Saturday, January 21, 2006 

"I still don't understand why you and your wife want to be Catholics?"

I received these words in the comments section by an anonymous poster. It is a fair question. If this blog is to have meaning, I must answer it.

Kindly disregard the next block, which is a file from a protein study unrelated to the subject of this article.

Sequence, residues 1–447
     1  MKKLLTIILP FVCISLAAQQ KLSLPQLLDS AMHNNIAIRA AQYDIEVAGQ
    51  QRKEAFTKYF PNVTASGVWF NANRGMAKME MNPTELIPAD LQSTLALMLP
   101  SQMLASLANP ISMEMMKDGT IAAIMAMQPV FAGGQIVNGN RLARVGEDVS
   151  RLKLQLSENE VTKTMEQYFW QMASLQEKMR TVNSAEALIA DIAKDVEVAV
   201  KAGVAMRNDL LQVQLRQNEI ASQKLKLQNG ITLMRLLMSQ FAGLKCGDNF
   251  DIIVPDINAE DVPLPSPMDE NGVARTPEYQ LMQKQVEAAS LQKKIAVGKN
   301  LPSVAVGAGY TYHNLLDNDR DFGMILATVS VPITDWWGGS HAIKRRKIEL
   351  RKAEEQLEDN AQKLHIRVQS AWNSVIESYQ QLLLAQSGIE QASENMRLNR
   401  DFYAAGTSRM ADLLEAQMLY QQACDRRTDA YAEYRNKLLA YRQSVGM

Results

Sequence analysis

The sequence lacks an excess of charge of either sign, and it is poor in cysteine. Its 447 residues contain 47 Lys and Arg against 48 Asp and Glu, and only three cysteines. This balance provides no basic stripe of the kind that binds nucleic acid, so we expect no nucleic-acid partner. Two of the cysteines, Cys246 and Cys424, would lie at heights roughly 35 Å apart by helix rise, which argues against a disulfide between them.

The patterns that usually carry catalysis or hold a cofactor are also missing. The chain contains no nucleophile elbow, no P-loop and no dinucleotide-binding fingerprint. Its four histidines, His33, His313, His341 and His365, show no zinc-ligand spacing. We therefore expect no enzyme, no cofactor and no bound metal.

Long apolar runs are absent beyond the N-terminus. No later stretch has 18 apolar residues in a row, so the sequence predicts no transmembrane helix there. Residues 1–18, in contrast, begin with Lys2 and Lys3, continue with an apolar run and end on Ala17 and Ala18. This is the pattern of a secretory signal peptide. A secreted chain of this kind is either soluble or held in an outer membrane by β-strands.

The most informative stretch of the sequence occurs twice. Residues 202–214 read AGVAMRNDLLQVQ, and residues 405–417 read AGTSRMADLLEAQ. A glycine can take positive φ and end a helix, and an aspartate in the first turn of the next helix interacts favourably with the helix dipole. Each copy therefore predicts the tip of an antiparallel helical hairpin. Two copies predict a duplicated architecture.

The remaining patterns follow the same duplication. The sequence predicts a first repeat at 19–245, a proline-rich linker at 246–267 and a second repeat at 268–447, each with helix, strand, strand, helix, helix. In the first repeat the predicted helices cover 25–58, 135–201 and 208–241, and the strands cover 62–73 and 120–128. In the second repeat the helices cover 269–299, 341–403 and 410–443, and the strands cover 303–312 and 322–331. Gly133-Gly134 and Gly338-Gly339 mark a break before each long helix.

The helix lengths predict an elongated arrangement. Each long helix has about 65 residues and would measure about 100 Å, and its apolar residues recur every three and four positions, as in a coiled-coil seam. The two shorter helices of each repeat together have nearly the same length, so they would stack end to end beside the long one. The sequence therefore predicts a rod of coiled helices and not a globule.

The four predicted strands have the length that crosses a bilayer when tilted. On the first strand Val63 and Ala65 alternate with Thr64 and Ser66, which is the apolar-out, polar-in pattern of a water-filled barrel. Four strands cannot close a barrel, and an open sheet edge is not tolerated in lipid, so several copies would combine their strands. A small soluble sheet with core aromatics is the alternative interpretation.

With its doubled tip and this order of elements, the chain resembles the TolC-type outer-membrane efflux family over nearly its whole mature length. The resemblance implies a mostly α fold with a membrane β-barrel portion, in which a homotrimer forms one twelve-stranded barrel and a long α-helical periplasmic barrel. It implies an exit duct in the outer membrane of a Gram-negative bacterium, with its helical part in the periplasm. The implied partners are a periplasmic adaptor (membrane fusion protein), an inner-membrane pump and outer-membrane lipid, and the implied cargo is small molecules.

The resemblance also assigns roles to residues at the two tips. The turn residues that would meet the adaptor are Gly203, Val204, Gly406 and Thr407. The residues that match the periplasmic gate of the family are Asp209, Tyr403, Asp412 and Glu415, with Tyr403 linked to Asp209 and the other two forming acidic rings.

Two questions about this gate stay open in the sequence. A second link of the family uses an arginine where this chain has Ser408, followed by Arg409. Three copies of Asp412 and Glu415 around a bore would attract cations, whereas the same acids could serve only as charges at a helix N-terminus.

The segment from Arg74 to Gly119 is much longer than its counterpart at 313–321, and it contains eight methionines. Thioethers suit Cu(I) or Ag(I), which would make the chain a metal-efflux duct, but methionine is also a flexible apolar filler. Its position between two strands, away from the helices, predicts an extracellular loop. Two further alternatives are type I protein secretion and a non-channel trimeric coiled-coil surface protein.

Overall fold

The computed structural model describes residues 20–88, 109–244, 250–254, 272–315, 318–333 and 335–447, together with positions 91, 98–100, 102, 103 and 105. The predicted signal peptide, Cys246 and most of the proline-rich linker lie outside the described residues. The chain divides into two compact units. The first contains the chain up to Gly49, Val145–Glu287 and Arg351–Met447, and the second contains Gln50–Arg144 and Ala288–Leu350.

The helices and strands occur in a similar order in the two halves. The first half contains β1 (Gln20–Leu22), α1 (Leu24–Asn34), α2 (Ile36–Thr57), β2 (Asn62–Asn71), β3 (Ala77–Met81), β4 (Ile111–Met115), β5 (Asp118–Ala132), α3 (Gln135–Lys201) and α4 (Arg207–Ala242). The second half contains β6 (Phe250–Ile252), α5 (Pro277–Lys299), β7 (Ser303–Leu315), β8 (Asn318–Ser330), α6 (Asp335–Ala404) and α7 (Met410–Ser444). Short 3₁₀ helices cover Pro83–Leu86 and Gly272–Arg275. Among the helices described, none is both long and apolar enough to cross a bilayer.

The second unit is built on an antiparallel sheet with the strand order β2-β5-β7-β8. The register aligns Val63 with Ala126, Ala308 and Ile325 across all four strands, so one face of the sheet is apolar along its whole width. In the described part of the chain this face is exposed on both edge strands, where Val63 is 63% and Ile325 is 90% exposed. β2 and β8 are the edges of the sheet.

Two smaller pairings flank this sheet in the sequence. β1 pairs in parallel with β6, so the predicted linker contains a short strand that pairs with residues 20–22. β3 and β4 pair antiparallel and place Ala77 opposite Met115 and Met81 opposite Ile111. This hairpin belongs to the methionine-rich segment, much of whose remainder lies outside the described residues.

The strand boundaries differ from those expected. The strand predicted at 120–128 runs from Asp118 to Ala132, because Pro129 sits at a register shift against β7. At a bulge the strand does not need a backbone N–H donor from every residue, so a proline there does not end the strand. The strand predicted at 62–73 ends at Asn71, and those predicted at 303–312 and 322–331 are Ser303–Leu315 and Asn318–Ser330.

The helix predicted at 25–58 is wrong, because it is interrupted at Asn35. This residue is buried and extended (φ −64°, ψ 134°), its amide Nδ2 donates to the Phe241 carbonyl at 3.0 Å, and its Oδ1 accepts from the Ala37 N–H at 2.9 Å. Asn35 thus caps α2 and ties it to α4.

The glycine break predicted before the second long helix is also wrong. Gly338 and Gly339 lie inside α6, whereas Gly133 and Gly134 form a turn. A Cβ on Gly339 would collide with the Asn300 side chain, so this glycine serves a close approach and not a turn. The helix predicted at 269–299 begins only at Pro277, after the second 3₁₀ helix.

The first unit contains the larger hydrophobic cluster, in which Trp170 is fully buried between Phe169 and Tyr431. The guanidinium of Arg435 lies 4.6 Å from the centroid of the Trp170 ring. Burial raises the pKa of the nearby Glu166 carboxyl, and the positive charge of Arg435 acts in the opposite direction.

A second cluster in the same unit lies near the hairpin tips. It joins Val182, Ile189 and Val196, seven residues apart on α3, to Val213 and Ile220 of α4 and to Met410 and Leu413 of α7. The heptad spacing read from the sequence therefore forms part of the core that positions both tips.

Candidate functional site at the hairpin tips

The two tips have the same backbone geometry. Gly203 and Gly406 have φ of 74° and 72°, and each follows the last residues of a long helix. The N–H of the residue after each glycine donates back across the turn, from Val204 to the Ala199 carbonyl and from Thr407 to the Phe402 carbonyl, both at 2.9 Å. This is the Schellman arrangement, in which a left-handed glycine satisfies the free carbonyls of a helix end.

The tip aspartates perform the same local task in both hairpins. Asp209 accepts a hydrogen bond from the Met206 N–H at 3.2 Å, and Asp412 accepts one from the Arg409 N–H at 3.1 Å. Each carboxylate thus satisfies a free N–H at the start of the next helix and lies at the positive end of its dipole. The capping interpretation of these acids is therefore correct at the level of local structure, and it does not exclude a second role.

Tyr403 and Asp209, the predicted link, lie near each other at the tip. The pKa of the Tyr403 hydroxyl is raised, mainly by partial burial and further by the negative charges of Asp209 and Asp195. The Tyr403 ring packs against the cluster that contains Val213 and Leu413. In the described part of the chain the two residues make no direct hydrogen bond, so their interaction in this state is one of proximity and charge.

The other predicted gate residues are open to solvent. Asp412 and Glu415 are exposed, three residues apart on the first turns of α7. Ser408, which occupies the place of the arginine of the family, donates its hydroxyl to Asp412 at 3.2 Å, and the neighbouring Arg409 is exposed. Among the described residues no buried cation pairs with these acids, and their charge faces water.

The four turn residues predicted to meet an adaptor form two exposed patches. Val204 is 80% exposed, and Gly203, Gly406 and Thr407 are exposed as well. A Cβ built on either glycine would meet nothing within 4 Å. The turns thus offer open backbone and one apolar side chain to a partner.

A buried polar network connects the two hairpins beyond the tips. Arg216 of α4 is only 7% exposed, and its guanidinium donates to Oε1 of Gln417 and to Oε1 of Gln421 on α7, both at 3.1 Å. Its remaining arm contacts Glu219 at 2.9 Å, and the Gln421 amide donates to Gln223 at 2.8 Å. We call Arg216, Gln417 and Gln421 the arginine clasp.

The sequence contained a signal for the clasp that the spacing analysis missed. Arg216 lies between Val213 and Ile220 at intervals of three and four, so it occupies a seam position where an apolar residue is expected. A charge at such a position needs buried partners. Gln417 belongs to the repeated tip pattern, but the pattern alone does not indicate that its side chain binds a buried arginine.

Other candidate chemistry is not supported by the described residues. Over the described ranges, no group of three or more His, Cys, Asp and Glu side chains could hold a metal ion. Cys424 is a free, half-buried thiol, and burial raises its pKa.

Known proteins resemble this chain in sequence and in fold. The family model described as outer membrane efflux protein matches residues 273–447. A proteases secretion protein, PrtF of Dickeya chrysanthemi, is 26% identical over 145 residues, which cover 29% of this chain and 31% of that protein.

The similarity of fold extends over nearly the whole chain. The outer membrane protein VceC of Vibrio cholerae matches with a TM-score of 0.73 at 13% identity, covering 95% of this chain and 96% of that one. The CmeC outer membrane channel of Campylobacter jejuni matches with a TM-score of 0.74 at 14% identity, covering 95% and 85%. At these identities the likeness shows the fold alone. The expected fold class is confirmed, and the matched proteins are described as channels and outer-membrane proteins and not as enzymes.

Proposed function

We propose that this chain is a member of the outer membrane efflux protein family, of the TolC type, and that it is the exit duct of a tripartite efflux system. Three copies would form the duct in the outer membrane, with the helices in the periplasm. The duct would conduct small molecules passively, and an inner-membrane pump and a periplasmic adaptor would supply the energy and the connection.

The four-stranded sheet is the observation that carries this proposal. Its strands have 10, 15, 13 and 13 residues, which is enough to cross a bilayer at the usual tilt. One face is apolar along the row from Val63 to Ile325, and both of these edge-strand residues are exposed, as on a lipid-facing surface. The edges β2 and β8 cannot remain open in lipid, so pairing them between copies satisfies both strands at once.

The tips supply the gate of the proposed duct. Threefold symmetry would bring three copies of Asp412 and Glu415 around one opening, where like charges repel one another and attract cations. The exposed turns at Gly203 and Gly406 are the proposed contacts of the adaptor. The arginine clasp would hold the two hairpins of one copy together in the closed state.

I have explained that our previous Lutheran Church was straying, in our opinion. The greater Evangelical Lutheran Church was starting to allow same-sex marriages and openly gay pastors who were not celibate. Perhaps our main reason for leaving was our local church's treatment of the Eucharist. It was not exclusively the body and blood of Jesus Christ, but a recruitment tool for increased church membership. Our pastor convinced the church council that allowing non-baptized persons to receive the Eucharist made them "feel welcome." The church didn't even require that people "believe" before receiving communion. Essentially, there was no requirement to receiving communion at all, except that a person get in line and hold out their hand. I am not criticizing our old church, although I know it seems that I am. That church played an important role in our faith journey. They were free to change their communion policy, and we were free to disagree - and to leave. We still love and respect the people of that church.